Endurance, Durie, Proudfoot dreams of a career as a bonesetter – a kind of 18th century chiropractor – and hopes to be apprenticed by her father to succeed him. But a female bonesetter is not what people are used to. Still, she and her brother are allowed to join their father so he can choose who’s got the knack. But then Durie’s sister Lucinda gets pregnant and the sisters go to their aunt Ellen in London so Luncinda can give up the child to The Foundling Hospital. Drurie sees her dream go up in smoke.

What a fantastic book! Quinn has such a fine storytelling style and is tremendously good at creating believable characters that you really empathise with. Durie is a sturdily built woman and bold in her speech, which makes her constantly feel out of place. But she is strong and therefore very suitable to become a bonesetter.

Her sister Lucinda is her total opposite and tries to get a good position through the men in her life. And then there is Aunt Ellen, who has built a career on her own through her cake shop, without any help from men. As you can tell, there’s a strong feminist theme in this book. The men in Durie’s life (with one exception) make things very difficult for her, especially the other doctors. Purely out of jealousy.

You would think that a female chiropractor has sprung from the author’s imagination. But Durie’s story is loosely based on the life of Sally Mapp, a female bonesetter who earned her living in London during the 18th century.

There are so many different plot lines in this book: rurie bonesetter’s dream, Lucinda’s career as a stage actress, Ellen’s cake shop, Durie’s visits to the menagerie of the Tower and The Foundling Hospital where Lucinda’s baby ends up. 18th century London really comes alive.

I now urgently need to read Quinn’s first book ‘The smallest men’ and look forward to whatever she will write next.

Thanks to Netgalley and the publisher for a copy of this book in return for my honest opinion.

This is book 7/20 for ‘20 books of summer‘.

Have you read anything bij Frances Quinn?

The heretic wind by Judith Arnopp

Mary Tudor sees how her father gradually casts aside her mother Catherine of Aragon because she cannot give him a son. His eye falls on Anne Boleyn and Mary herself is later forced to take care of her daughter Elizabeth. Nevertheless, she will become Queen of England and during the last week of her life she tells her story to a young maid.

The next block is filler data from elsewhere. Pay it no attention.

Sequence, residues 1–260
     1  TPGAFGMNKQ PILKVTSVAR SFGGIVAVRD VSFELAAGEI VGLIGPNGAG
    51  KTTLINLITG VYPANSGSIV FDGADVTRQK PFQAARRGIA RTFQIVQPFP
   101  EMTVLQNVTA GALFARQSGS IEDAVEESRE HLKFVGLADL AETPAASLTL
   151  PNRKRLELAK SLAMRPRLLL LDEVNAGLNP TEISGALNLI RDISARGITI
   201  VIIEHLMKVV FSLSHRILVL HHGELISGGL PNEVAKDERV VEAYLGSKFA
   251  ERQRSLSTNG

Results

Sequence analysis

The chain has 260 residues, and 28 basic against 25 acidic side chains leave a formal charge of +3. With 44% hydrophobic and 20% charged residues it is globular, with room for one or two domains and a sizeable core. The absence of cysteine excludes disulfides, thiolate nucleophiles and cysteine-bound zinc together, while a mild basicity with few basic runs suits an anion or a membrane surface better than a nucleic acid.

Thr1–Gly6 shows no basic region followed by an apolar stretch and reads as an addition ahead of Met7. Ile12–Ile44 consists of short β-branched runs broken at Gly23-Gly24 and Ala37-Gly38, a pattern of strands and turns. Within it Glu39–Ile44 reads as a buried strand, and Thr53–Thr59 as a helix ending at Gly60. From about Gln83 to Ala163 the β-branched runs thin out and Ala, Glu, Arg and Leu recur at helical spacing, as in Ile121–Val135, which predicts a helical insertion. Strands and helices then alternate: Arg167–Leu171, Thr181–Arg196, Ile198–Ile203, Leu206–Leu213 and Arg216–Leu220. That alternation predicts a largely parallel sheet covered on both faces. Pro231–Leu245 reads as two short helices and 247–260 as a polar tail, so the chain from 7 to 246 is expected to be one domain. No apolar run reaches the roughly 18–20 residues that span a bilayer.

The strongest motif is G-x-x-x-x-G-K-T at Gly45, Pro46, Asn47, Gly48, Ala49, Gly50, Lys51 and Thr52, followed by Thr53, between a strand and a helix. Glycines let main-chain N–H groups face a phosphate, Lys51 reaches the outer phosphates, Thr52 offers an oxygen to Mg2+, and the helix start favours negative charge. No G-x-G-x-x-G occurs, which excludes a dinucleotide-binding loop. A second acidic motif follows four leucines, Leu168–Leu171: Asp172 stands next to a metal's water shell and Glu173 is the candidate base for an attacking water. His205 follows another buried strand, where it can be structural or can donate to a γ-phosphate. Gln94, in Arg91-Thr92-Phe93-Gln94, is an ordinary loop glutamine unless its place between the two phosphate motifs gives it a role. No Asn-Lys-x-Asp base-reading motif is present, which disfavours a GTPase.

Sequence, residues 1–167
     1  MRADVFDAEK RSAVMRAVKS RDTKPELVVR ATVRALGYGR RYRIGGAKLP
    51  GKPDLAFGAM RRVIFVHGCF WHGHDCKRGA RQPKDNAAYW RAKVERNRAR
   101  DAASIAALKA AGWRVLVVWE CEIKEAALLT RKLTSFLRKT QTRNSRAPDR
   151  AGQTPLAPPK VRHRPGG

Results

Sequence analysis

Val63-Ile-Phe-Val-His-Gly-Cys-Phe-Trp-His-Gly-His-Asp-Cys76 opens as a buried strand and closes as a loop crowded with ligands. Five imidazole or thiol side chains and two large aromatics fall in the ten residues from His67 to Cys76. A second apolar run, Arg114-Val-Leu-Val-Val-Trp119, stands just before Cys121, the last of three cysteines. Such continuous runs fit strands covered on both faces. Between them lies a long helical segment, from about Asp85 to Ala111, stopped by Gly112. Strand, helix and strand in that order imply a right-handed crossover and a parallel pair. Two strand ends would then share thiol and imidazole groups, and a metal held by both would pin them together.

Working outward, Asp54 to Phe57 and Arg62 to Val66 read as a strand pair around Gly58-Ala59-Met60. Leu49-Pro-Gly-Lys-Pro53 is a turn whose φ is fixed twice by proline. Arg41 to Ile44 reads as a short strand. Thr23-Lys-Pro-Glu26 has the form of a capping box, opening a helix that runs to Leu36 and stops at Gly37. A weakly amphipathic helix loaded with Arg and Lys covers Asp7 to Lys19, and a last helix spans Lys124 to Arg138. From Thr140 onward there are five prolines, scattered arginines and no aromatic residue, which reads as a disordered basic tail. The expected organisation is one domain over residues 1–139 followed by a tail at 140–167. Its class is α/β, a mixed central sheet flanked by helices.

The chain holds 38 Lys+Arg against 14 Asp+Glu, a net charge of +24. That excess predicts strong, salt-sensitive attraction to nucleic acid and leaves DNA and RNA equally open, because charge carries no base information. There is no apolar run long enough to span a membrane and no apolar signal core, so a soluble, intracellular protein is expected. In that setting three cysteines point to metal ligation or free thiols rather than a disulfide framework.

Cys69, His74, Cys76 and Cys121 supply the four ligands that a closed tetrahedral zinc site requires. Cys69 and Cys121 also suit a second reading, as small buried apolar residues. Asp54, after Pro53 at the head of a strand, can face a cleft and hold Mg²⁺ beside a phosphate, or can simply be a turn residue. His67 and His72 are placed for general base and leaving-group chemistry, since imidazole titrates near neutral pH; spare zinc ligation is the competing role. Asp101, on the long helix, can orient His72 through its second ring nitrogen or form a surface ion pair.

This was my first book by Judith Arnopp and also the very first time that Mary Tudor is at the centre of a book I read. Much more is written about Elizabeth. Arnopp writes in first person tense and only from the perspective of Mary, both the young version and the queen who tells her story a few days before her death. So the narrative style wasn’t quite my thing and especially the added value of the older perspective completely escaped me. It kept the pace out of the story for me at times.

Mary Tudor has undoubtedly had a miserable life. She’s portrayed here as a proud princess with great loyalty to her mother, Spain and the Catholic Church. With a weak immunity and a stubborn character. She loves her sister Elizabeth and brother Edward, but cannot always reconcile this with her ambitions to make England Catholic again. In itself, this is a good characterisation, but I had problems with just about every other character.

To begin with, her whole life from childhood to death is told in about 300 pages. Stepmother after stepmother is briefly reviewed and nothing is portrayed with any depth. Some things are omitted, others are said in just one sentence.

From page two onwards, Anne Boleyn is already portrayed as an adulterous witch. And I understand that Mary may not have liked her, but she was a child at the time and this lifelong hatred of Anne seems a bit harsh. Jane Seymour is a saint. Anne of Cleves is hardly worth mentioning. Catherine Parr is a nice one according to Mary, but too weak because she is in love with Thomas Seymour.

Elizabeth is a vain master manipulator. Edward is an innocent child who has nothing to say during his reign. Jane Grey is Dudley’s puppet queen. Philip II of Spain an uninterested man who’s barely worth two pages. The book is simply full of ‘last century clichés’. There is no nuance at all. As a result, I did not find Mary a sympathetic main character. Even though Arnopp wants to focus very hard on all the dramas in her life. And I certainly feel sorry for her. But this is life at the Tudor court from a caricature and I found that a pity.

I don’t know if I’ll read another book by Arnopp. Mainly because of the narrative style and the characters. But it was certainly not a bad book. It’s a good introduction to Mary’s life. But also not more than that.

This is book 5/20 for ‘20 books of summer‘.

Rating: 3 out of 5.

Have you read anything by Arnopp? Do you know other books that feature Mary Tudor’s reign?